For Children under 5 years old:

  • They must be properly restrained by an approved child restraint.
  • They must not travel in the car if you cannot put them in an approved child restraint.

For Children 5 to 7 years old:
  • They must use a child restraint if available
  • If there is no child restraint available, the child must use a safety belt if available
  • If there is no safety belt available the child must be in the back seat.

For Children 8 to 14 years old
  • They must use safety belts if available
  • If there is no child restraint available, the child must use a safety belt if available
  • If there is no safety belt available the child must be in the back seat.
Click here to return to our Maxi-Cosi car seat product page

What Safety Standards Should You Look For Before Buying:

Safety Standards - when you buy a car seat in NZ, it must meet one of these 3 safety standards;

All child restraints sold here must meet 1 of the 3 standards listed below.

1.Australian/New Zealand standard AS/NZS1754: This can be identified by the Australian "tick" mark.

australian-standard-original[1]

2.European standard ECE R44.04: This is labelled with a circle containing an "E".
European Standard

 

The European Safety Standards are also very commonly found in New Zealand. They can be recognised by the yellow safety sticker pictured on the left. The sticker can usually be found on the back of the carseat in a protected area to avoid the sticker rubbing off. There is an older version (pre 2005) of the European Standard called ECE R44.03. This was replaced by ECE R44/04 in 2005 and carseat manufactures had until June 2006 to comply with the changes. There should me very little of these seats left but something that you should be aware of.

3. US standard FMVSS213: Restraints that comply with this standard must show the number FMVSS213. They carry the "S" mark to show they have been certified for use in New Zealand.

Standard

Click here to return to our Maxi-Cosi car seat product page


Buyer Check List - What Features To Look For In A Car Seat:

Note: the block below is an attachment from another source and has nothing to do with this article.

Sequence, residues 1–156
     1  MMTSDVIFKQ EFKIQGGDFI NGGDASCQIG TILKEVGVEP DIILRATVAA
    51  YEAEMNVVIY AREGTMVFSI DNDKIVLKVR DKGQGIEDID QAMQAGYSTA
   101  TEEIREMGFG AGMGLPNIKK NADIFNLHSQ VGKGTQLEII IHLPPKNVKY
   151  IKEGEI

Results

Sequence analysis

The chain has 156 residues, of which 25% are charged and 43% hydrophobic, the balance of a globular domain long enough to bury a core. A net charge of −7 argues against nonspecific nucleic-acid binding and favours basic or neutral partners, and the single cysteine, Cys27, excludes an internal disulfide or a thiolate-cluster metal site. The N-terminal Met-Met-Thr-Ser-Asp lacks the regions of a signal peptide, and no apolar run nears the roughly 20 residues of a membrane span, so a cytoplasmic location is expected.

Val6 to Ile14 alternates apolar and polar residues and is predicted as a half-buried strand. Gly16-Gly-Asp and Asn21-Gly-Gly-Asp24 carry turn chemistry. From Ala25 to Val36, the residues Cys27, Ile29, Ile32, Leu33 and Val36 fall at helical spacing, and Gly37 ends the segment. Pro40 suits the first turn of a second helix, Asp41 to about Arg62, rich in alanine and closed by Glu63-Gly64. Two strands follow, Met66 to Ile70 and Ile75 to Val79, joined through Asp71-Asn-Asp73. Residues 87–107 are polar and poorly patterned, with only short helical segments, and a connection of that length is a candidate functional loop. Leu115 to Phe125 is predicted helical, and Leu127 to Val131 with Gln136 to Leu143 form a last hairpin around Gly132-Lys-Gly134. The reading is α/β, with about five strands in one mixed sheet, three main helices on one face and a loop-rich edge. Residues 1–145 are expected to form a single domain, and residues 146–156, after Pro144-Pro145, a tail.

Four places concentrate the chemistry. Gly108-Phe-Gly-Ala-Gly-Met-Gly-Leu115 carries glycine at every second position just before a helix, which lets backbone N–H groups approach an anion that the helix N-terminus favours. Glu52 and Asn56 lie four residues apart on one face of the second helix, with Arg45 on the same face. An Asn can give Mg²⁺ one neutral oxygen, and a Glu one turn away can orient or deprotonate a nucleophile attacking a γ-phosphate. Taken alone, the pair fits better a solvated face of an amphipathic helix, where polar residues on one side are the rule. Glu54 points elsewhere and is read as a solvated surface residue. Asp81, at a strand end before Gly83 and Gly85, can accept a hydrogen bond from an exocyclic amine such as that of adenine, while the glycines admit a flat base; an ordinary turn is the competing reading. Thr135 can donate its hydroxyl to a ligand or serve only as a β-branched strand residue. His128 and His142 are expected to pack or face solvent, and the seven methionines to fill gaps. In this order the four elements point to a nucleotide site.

1. Does the car restraint have tether straps:

A car restraint should come with a the tether strap which must be used for all rear- and forward-facing seats that comply with the Australian/New Zealand standard – otherwise their safety performance will be compromised. Many forward-facing US restraints also use a tether strap, and the latest Isofix standard includes a tether strap. A tether strap does not necessarily make a car seat safer than a seat designed without a tether, but if the seat has one it must be used. Not  using the tether strap will risk serious injury to the child, or worse.

2. Does the car seat have a seatback that is height adjustable?

A car seat may claim to be suitable for children up to a certain weight, but a tall child can easily out grow a seat before then. Some forward-facing seats and booster seats have adjustable seatbacks that can be raised as the child grows.
 
3. Does the car seat have side protection wings?

A car seat with well padded side wings will help to protect your child in a crash that involves side impact. It is estimated that 1 in every 4 crashes involves a side impact. Side wings are often height-adjustable so they can “grow” with the child.

4. Is the Lining easy to remove and wash?

Make sure the lining of the car seat can be easily removed for washing.

Top Tip - to protect the fabric on the back seats in your car, cut out a square of foam mat or use a towel under the car seat - this will catch food crumbs and will make for easy cleaning of your back seat.



Safety Tips:

  • Buy Early - buy your car seat well in advance of when you will be needing it. This will give you time to get used to installing it.